Each calendar year a number of titles are purchased through the Barbara Landis Chase Endowed Fund. This is the list of titles purchased during the 2016-2017 Academic year.
Established in 2000 anonymously for the purchase of books, periodicals, and/or electronic resources in the field of American History, for the purpose of assisting the research and studies of Phillips Academy students, at the Oliver Wendell Holmes Library.
In addition, the following electronic database was also funded.
The World and Online
Three days in January : Dwight Eisenhower’s final mission
Summary:January 1961: President Eisenhower has three days to secure the nation’s future before his young successor, John F. Kennedy, takes power–a final mission by the legendary leader who planned D-Day and guided America through the darkening Cold War. Bret Baier, the Chief Political Anchor for Fox News Channel, illuminates the underappreciated presidency of Dwight Eisenhower by taking readers into Ike’s last days in power. Baier casts the period between Eisenhower’s now-prophetic farewell address of January 17, 1961, and Kennedy’s inauguration on the afternoon of January 20 as the closing act of one of modern America’s greatest leaders–during which Eisenhower urgently sought to prepare both the country and the next president for the challenges ahead. Those three days in January 1961, Baier shows, were the culmination of a lifetime of service that took Ike from rural Kansas to West Point, to the battlefields of World War II, and finally to the Oval Office. When he left the White House, Eisenhower had done more than perhaps any other modern American to set the nation, in his words, “on our charted course toward permanent peace and human betterment.” On January 17, Eisenhower spoke to the nation in one of the most remarkable farewell speeches in U.S. history. Ike looked to the future, warning Americans against the dangers of elevating partisanship above national interest, excessive government budgets (particularly deficit spending), the expansion of the military-industrial complex, and the creeping political power of special interests. Seeking to ready a new generation for power, Eisenhower intensely advised the 43-year-old Kennedy before the inauguration. Baier also reveals how Eisenhower’s two terms changed America forever for the better–perhaps even saved the world from destruction–and demonstrates how today Ike offers us the model of principled leadership that polls say is so missing in politics. The Supreme Commander of Allied Forces during World War II, Eisenhower only reluctantly stepped into politics. As President, Ike successfully guided the country out of a dangerous war in Korea, peacefully through the apocalyptic threat of nuclear war with the Soviets, and into one of the greatest economic booms in world history. Five decades later, Baier’s book makes clear that Eisenhower, an often forgotten giant of U.S. history, still offers vital lessons for our own time and stands as a lasting example of political leadership at its most effective and honorable.–Adapted from dust jacket.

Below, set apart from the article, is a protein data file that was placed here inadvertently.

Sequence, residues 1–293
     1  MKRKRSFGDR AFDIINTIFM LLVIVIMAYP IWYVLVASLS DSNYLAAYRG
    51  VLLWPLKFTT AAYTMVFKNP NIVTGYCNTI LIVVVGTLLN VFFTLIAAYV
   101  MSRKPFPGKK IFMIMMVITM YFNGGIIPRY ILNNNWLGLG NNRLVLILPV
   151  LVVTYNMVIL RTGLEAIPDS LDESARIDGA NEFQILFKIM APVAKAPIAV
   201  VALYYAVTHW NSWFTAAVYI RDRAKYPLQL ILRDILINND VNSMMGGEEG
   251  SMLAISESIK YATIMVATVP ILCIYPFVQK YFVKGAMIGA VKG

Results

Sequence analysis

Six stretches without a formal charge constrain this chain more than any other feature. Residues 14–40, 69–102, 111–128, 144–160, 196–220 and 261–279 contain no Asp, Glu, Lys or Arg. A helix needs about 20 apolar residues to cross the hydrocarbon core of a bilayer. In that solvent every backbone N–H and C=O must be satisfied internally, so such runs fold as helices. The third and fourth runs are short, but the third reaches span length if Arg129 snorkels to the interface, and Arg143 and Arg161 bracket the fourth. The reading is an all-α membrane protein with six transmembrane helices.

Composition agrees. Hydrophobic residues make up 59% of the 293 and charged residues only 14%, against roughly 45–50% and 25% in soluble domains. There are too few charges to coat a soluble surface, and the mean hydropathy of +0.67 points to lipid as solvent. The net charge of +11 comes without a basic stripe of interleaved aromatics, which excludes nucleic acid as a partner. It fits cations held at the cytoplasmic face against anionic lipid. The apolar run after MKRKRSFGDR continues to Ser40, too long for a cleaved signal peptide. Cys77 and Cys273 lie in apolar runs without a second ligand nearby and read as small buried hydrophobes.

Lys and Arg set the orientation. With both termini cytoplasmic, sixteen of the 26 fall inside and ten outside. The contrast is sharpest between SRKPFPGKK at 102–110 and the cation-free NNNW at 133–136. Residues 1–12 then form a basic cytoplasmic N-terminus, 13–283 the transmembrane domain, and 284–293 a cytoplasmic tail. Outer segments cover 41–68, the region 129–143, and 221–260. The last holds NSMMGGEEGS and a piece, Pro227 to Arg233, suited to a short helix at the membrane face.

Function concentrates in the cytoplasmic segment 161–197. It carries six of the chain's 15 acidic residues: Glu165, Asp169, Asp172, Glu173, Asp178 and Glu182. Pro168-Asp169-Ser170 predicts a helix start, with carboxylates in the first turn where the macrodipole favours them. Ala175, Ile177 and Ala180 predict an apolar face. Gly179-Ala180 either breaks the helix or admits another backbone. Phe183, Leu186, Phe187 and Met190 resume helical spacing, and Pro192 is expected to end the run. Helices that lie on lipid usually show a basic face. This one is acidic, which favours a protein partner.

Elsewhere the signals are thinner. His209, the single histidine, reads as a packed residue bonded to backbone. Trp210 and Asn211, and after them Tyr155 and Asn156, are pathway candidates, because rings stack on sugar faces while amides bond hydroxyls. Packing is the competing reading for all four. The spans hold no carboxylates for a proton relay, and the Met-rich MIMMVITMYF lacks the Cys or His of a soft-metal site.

The march to the sea and beyond : Sherman’s troops in the Savannah and Carolinas campaigns
Summary:Contains primary source material.
973.4 J35P V. 42
Summary:“The Papers of Thomas Jefferson is a projected 60-volume series containing not only the 18,000 letters written by Jefferson but also, in full or in summary, the more than 25,000 letters written to him. Including documents of historical significance as well as private notes not closely examined until their publication in the Papers, this series is an unmatched source of scholarship on the nation’s third president.”–Publisher description.
War against war : the American fight for peace, 1914-1918
Summary:“The untold story of the movement that came close to keeping the United States out of the First World War. This book is about the Americans who tried to stop their nation from fighting in one of history’s most destructive wars and then were hounded by the government when they refused to back down. In the riveting War Against War, Michael Kazin brings us into the ranks of the largest, most diverse, and most sophisticated peace coalition up to that point in US history. They came from a variety of backgrounds: wealthy and middle and working class, urban and rural, white and black, Christian and Jewish and atheist. They mounted street demonstrations and popular exhibitions, attracted prominent leaders from the labor and suffrage movements, ran peace candidates for local and federal office, and founded new organizations that endured beyond the cause. For almost three years, they helped prevent Congress from authorizing a massive increase in the size of the US army–a step advocated by ex-president Theodore Roosevelt. Soon after the end of the Great War, most Americans believed it had not been worth fighting. And when its bitter legacy led to the next world war, the warnings of these peace activists turned into a tragic prophecy–and the beginning of a surveillance state that still endures today. War Against War is a dramatic account of a major turning point in the history of the United States and the world”–
Native American boarding schools
Summary:Discusses the history of Native American boarding schools, including attempts to assimilate them to white culture, strip them of their cultural identities, and mistreatment.,Contains primary source material.